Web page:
TiCl 4 -Zn-mediated reduced synthesis of quinazoline derivatives.

Copper-catalyzed reaction

Aryl ether, alkyl ether, aryl amine, alkyl amine, aryl sulfide, alkyl sulfide, etc., which are all very important structural fragments in many chemical molecules, have an urgent need for better synthetic methods. Classical copper-catalyzed Ullmann reaction has been widely studied due to its significant role in this regard. It raised attention from many chemists and became one of the focal point in organic chemistry research in recent years. Sang et al. reported a copper-catalyzed sequential Ullmann N-arylation and aerobic oxidative C-H amination for the convenient synthesis of indolo[1,2-c]quinazoline derivatives [41]. In their research, 2-(2-halophenyl)-1H-indoles and (aryl)methanamines were adopted as raw materials to generate corresponding Schiff base via Ullmann reaction. Then gas as oxidant, 3 equiv K2CO3 as base, DMSO as solvent and 10 mol% Cu(OAc)2 as catalyst were revealed as the optimum conditions, to conduct aerobic oxidative C-H amination under 110°C (Scheme 13).Jiang et al. also reported a copper-catalyzed one-pot synthesis of 5,12-dihydroindolo[2,1-b]quinazolines [42]. The best conditions of catalyst, ligand, base and solvent were determined as 10 mol% of CuI, 20 mol% of trans-4-hydroxyl-L-proline, 3.0 equiv of K2CO3, DMSO and 90°C, respectively. N-(2-bromobenzyl)-2-iodoani-line (57) and malononitrile (58) were adopted as the raw materials to afford desired compound 59 through copper-catalyzed intramolecular C-N coupling reaction (Scheme 14).

Scheme 13

Copper-catalyzed synthesis of indolo[1,2-c]quinazoline derivatives.

Scheme 14

Copper-catalyzed one-pot synthesis of quinazolines derivatives.

A two-step catalytic synthesis of 2-substituted-1,2,3,4-tetrahydroquinazolinones was investigated by Kundu et al.[43], including the palladium-copper co-catalyzed C-arylation of terminal alkynes and copper-catalyzed cyclization of disubstituted alkynes. First of all, 2-(N-Alkyl-N-prop-2′-ynyl)amino-N’-p-tosyl benzamides and aryl iodides were adopted as the raw materials to react in presence of 5 equiv of Et3N for 16 h, catalyzed by 2.5 mol% (Ph3P)2PhCl2 and 5 mol% CuI, to generate a series of disubstituted alkynes. Then the products were cyclized in the presence of CuI (30 mol%), K2CO3 (2.5 equiv) and Bu4NBr (1 equiv) at 80°C for 16-24 h in CH3CN to afford the desired products 1-methyl(benzyl)-(E)-2-(2-arylvinyl)-3-p-tosyl-1,2,3,4-tetrahydroquinazoline-4-ones with high yield. The structures of obtained compounds were shown in Figure 1.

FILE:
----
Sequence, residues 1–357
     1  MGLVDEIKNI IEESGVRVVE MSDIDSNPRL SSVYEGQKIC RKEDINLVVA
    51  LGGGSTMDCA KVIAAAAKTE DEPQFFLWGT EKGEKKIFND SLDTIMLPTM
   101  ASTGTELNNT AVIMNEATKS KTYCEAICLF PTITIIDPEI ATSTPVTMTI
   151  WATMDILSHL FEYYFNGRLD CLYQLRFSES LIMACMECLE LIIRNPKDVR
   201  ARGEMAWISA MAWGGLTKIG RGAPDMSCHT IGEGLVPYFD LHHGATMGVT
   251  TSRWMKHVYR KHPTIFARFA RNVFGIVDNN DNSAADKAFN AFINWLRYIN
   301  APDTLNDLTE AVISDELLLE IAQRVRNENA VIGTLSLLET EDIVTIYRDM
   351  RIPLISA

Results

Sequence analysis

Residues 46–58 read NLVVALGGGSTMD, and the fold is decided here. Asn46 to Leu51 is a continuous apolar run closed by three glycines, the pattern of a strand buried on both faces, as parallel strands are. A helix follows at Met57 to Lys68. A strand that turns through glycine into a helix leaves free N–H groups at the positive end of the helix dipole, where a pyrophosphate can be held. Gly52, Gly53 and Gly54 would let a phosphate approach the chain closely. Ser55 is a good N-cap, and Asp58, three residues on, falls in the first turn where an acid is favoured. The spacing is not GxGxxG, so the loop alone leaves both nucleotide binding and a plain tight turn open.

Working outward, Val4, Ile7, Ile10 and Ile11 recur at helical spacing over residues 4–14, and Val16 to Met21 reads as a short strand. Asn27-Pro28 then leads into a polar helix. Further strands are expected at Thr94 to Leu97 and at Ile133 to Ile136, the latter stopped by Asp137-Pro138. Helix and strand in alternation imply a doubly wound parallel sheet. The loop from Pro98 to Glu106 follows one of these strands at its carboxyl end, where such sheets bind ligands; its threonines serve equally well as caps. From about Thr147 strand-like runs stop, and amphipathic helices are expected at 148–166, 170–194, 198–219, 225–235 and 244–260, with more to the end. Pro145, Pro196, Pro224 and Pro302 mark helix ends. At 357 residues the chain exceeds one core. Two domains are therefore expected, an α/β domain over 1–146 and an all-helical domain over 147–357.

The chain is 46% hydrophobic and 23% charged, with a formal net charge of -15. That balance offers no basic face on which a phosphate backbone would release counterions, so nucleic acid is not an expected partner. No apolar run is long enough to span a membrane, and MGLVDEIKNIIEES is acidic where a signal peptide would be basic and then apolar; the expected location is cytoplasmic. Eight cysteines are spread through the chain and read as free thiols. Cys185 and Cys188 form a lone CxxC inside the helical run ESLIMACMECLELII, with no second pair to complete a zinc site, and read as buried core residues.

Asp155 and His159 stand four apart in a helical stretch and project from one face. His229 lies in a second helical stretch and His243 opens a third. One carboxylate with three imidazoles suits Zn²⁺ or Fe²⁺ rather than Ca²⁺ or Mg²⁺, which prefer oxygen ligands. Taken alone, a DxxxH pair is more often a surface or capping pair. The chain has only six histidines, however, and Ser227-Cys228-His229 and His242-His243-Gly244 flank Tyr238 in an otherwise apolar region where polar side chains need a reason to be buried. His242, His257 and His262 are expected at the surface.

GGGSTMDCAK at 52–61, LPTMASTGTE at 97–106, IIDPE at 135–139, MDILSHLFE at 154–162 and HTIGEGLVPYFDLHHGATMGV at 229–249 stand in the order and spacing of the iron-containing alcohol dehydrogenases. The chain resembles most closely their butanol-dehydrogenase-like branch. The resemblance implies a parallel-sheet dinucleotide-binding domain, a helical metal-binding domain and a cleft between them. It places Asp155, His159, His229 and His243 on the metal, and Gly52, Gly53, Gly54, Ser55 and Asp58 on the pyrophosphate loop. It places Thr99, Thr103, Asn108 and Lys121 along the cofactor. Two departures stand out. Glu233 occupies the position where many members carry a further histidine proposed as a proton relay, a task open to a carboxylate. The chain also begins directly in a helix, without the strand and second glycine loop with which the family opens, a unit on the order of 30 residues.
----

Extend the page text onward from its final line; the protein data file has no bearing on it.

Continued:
Figure 1

Structures of palladium-copper co-catalyzed synthesis of quinazolines.

Ultrasound-promoted synthesis

In critical synthesis, ultrasonic assistance is needed to meet the high requirements for temperature and pressure. For instance, in Bischler cyclization [4446], the most traditional synthetic methods for quinazoline derivatives, high temperature (above 120°C) and high pressure are needed for at least 5 h in saturated ammonia alcohol solution. Various synthesis applying this method contains the passage of ammonia through a mixed melt of the amino compound and sodium acetate at a temperature higher than 160°C [47], in which ultrasonic promotion is demanded.

Zhang et al. reported an ultrasound-assisted synthesis of novel quinazoline derivatives, including a four-step synthesis of quinazoline core and the optimization of the Bischler cyclization [48]. The optimum reagents and conditions of the four steps were as follows: (a) iron powder(reductant), concentrated HCl(catalyst), ethanol/water(co-solvents with V:V of 5:1), 50°C; (b) 4-nitrobenzoic acid chloride(1 equiv), TEA(1.2 equiv), DCM, 0°C; (c) 25% ammonia water, water, ultrasound 250 W, 80°C, 3 h; (d) iron powder, concentrated HCl, ethanol/water, 50°C (Scheme 15).

Scheme 15

Ultrasound-assisted four-step synthesis of novel quinazoline derivatives.

Phase-transfer catalysis